Frances Emily Brough

clara-loukes-frances-e-brough-circa-1876

Clara & Frances

Frances Emily Brough is my great grandmother and she was born on 2nd July 1873 in Sheffield to parents, Charles Brough and Clara Loukes.

Frances’s parents married in 1872 in Saint Matthew’s Church, Sheffield. Frances’s father, Charles, is an enigma. Family stories that I’ve heard are that he emigrated to Australia to become a Policeman or that he went abroad to find gold. I think the idea was that he was going to make some money and then invite his wife and daughter to join him. Except he never did. He simply disappeared and was never seen again. He may never have even left the country. His wife, Clara, had to wait eighteen years before marrying again; presumably because the whereabouts of Charles were unknown. Frances and Clara both ended up in a Workhouse in Sheffield for a while before being rescued by one of Frances’s uncles.

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Saint Stephen’s Church

In 1898, Frances married Fred Rowbottom in Saint Stephen’s Church, Sheffield. Together, they set up home in Parkgate near Rotherham, living on Albert Road, and issued eight children, who were called, Ethel, Fred, Lily, John, Clara, Frances Emily, Henry and Harold. Some time circa 1910, the family moved from Parkgate to Oxford Row in nearby Greasbrough. Fred’s grandparents had moved from Sheffield to Parkgate in the 1860s, perhaps at the time when the Parkgate Iron and Steel company was founded.

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Fred & Frances

From accounts that I’ve read and heard about Fred, he wasn’t a particularly pleasant person. He liked to spend most of his wages in the pub and gave his wife a pittance to bring the family up on. He can’t have been much of a child lover either, as the children weren’t allowed to speak or move in his presence. Whilst pregnant with my grandfather, Fred kicked Emily in the stomach, causing her to give birth prematurely. It was thought that my grandfather was dead and he was placed in a basket underneath a bed. Signs of life were later detected however and he was fed with the aid of milk on a feather. Fred died as a consequence of the 1918 influenza pandemic when my grandfather was six years old. On top of bringing up eight children on her own, Frances had to work cleaning coaches belonging to a company called ‘Smarts’ in Greasbrough in order to ‘make ends meet’.

frances-e-brough-henry-rowbottom

Frances & Henry

My mum used to visit her grandmother, Frances, every weekend. Frances was a quiet woman and never spoke of her past life to my mother (a trait passed onto my grandfather). Frances would make the tea and my mum would wash the used pots afterwards. My mum remembered a dark green rocking horse and an organ being in Frances’s home.

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Telegram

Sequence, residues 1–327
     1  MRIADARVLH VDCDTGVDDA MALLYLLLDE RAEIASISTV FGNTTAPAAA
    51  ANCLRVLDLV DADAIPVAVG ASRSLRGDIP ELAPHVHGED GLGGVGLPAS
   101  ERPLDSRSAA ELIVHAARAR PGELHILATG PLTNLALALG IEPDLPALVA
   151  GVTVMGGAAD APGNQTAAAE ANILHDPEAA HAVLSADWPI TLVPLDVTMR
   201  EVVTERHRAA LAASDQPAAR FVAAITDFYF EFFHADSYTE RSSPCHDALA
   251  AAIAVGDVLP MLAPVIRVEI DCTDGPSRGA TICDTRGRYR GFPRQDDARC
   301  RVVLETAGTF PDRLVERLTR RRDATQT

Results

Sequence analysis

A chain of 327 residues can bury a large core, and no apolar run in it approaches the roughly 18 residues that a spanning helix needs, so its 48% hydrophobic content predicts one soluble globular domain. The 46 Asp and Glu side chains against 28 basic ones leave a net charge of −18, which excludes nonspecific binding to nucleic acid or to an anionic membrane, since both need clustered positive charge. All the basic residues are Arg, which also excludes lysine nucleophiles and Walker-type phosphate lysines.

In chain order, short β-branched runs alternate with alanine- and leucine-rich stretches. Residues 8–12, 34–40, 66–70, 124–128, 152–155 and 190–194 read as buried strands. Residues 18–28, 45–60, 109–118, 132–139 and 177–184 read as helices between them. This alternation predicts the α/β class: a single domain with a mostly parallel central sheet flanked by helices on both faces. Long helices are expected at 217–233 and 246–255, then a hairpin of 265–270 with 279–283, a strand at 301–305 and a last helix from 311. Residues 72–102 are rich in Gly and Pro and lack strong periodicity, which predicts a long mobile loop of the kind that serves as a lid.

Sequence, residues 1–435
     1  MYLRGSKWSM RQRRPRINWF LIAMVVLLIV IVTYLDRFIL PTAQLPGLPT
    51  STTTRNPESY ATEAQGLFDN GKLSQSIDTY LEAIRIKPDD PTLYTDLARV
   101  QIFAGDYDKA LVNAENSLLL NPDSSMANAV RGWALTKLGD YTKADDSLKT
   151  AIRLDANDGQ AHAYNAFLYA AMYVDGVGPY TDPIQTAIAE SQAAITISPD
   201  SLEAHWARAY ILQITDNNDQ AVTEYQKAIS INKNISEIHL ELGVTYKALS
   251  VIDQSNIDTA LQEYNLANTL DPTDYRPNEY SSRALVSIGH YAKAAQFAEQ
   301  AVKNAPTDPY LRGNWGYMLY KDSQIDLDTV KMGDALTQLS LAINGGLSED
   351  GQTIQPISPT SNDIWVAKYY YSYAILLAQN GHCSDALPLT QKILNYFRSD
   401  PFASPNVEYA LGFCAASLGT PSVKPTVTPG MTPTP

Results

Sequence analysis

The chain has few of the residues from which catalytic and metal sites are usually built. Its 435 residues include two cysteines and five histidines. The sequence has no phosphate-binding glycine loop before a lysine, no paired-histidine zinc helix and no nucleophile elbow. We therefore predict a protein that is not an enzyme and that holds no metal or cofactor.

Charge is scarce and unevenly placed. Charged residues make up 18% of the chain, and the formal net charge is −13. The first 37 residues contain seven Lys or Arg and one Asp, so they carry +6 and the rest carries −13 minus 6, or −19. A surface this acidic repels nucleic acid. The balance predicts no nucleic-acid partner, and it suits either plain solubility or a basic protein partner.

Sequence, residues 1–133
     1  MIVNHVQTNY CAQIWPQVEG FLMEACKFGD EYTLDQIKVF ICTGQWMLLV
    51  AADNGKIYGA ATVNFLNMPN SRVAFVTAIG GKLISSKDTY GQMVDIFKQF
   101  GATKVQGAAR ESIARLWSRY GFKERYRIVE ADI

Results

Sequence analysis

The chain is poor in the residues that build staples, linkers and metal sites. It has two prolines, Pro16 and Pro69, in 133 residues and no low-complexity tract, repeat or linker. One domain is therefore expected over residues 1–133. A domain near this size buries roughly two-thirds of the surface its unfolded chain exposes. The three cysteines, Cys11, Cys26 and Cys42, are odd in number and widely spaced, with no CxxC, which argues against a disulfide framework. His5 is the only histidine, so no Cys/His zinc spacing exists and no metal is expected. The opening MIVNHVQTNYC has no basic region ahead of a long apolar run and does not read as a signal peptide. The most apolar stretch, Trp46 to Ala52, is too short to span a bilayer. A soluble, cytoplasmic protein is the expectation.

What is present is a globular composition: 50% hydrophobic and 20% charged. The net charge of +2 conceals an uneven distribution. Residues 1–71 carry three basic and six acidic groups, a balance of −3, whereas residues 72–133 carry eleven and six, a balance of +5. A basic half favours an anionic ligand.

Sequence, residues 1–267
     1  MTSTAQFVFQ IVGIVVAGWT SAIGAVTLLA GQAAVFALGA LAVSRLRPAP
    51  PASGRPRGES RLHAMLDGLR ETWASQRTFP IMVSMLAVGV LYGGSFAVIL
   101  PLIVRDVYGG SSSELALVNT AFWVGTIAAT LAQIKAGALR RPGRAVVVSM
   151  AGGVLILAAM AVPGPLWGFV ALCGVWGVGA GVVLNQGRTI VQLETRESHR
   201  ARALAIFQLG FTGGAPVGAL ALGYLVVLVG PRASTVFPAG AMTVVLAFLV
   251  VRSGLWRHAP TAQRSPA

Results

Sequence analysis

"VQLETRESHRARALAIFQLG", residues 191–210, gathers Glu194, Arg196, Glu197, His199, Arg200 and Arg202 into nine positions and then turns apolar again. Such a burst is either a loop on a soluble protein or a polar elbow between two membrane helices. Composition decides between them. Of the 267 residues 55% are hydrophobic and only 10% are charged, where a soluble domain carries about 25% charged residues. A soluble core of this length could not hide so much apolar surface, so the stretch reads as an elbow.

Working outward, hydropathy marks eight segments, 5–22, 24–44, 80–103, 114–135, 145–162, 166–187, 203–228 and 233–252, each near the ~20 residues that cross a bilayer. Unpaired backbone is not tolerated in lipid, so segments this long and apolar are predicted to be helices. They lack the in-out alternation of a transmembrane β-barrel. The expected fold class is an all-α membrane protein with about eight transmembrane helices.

Frances died in 1955 and was buried in Greasbrough Cemetery with her husband, Fred. As was customary at the time, Frances was laid out in her home prior to burial. My mum remembered catching a glimpse of her grandmother’s face whilst she was laid out and described her as having a black eye/bruised face caused by a fall.

THE ADVERTISER, SAT., JULY 9th, 1955

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Scrooby Place

GREASBRO’ WOMAN’S DEATH

A verdict of “Death from natural causes” was recorded by the Deputy Borough Coroner (Mr. C. Blenkinsop) at an inquest on Thursday on Frances Emily Rowbottom, aged 82, of 6, Scrooby Place, Greasbro’, who died at the Moorgate General Hospital on Tuesday.

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Moorgate Hospital

Ethel Sennitt, of 51, Scrooby Street, Greasbro’, said her mother had not been able to get about since Christmas 1954. She had poor sight in her right eye, and was blind in her left eye. She became ill in January and had been confined to bed since then. The doctor said her heart was weak and that she had a high blood pressure. She complained of pains in her stomach. She became steadily worse and was admitted to the Moorgate General Hospital on July 1st. When the witness visited her on July 3rd she was told that her mother had fallen down while trying to get out of bed, thinking she was at home.

Dr. Sybil M. Jenkins (house physician at the Moorgate General Hospital) said the deceased had complained of difficulty in swallowing and abdominal pains. Her heart was in a very poor state. After the fall, her nose and eye were bruised and swollen.

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Greasbrough Cemetery

Her condition, however, was quite good, and the next day she was still quite well. She suddenly collapsed on Tuesday morning.

Dr. Gilbert Forbes (pathologist) said Mrs. Rowbottom had a sudden heart attack. In his opinion the fall had no bearing on her death. Because of the condition of her heart she was liable to die suddenly.

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Albert Jennett – War Casualty

Albert Jennett

In 1903, Clara Simpkin (my great great aunt) married Albert Jennett and together they issued five children. Albert was born in 1879, in Sheffield, and served in World War One. Albert was awarded the Distinguished Conduct Medal for bravery displayed at Gallipoli in April 1915 and was himself wounded just three months later, but fortunately recovered.